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Section 10.1 : Sequences

4. Determine if the given sequence converges or diverges. If it converges what is its limit?

\[\left\{ {\frac{{{{\left( { - 1} \right)}^{n - 2}}{n^2}}}{{4 + {n^3}}}} \right\}_{n = 0}^\infty \]

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To answer this all we need is the following limit of the sequence terms.

\[\mathop {\lim }\limits_{n \to \infty } \frac{{{{\left( { - 1} \right)}^{n - 2}}{n^2}}}{{4 + {n^3}}}\]

However, because of the \({\left( { - 1} \right)^{n - 2}}\) we can’t compute this limit using our knowledge of computing limits from Calculus I.

Show Step 2

Recall however, that we had a nice Fact in the notes from this section that had us computing not the limit above but instead computing the limit of the absolute value of the sequence terms.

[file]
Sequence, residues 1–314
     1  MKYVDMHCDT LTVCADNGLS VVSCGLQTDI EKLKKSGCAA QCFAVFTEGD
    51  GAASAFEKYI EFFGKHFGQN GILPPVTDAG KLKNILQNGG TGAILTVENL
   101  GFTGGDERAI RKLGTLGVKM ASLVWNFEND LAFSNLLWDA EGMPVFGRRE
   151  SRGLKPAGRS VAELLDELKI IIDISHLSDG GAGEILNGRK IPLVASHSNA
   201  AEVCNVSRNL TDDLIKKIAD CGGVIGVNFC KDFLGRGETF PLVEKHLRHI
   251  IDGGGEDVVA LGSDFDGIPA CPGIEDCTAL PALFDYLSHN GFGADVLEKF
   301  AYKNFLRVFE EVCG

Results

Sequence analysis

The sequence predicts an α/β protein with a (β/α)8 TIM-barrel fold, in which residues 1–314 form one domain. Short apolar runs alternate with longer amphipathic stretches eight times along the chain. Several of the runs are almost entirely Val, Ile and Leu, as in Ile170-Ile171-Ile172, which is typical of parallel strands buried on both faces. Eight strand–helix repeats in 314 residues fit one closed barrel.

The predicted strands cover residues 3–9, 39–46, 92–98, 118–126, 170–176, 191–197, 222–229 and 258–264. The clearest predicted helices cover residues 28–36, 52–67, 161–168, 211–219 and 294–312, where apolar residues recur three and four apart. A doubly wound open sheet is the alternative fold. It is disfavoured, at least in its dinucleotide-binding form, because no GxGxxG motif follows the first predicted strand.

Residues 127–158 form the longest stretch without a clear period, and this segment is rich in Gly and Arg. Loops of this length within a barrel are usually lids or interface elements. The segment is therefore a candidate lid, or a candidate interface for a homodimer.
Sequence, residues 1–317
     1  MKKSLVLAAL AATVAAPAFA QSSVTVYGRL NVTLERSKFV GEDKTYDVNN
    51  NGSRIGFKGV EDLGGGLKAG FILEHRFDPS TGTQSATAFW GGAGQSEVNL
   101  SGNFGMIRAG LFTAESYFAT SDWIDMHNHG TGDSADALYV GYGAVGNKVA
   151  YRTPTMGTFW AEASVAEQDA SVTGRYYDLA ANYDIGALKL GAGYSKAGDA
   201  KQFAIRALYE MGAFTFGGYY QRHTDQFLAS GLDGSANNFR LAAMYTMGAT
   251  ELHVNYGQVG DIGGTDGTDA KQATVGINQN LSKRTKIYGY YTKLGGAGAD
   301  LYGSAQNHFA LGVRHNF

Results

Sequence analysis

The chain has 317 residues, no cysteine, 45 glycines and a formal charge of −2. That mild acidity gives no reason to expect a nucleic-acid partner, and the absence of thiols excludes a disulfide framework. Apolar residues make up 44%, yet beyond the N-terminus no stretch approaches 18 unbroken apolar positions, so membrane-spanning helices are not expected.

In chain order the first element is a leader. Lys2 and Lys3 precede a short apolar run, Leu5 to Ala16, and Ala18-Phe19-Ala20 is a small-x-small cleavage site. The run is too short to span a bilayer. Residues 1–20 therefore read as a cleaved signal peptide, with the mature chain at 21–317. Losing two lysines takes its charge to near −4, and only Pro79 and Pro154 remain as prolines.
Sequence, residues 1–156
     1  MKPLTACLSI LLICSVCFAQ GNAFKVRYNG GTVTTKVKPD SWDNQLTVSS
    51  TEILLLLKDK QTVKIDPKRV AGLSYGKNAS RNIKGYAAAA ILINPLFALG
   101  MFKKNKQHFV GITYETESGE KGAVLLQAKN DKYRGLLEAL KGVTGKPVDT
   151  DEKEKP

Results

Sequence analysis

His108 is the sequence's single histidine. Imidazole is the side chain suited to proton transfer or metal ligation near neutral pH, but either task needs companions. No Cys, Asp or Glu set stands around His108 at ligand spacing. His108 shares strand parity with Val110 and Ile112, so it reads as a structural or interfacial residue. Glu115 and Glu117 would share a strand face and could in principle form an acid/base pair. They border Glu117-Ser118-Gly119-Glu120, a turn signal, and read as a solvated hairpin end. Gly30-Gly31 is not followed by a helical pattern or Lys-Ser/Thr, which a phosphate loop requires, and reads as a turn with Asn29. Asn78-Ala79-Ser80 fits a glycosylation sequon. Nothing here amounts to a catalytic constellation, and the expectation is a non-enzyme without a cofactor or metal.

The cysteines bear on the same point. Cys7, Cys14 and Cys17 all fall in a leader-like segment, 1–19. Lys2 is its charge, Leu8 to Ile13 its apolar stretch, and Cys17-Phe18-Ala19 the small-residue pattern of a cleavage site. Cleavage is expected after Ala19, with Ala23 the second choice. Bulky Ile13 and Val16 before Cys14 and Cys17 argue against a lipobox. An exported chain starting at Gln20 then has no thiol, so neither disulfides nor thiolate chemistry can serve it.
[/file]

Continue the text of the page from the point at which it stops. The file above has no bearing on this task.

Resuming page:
\[\mathop {\lim }\limits_{n \to \infty } \left| {\frac{{{{\left( { - 1} \right)}^{n - 2}}{n^2}}}{{4 + {n^3}}}} \right| = \mathop {\lim }\limits_{n \to \infty } \frac{{{n^2}}}{{4 + {n^3}}} = 0\]

This is a limit that we can compute because the absolute value got rid of the alternating sign, i.e. the \({\left( { - 1} \right)^{n + 2}}\).

Show Step 3

Now, by the Fact from class we know that because the limit of the absolute value of the sequence terms was zero (and recall that to use that fact the limit MUST be zero!) we also know the following limit.

\[\mathop {\lim }\limits_{n \to \infty } \frac{{{{\left( { - 1} \right)}^{n - 2}}{n^2}}}{{4 + {n^3}}} = 0\] Show Step 4

We can see that the limit of the terms existed and was a finite number and so we know that the sequence converges and its limit is zero.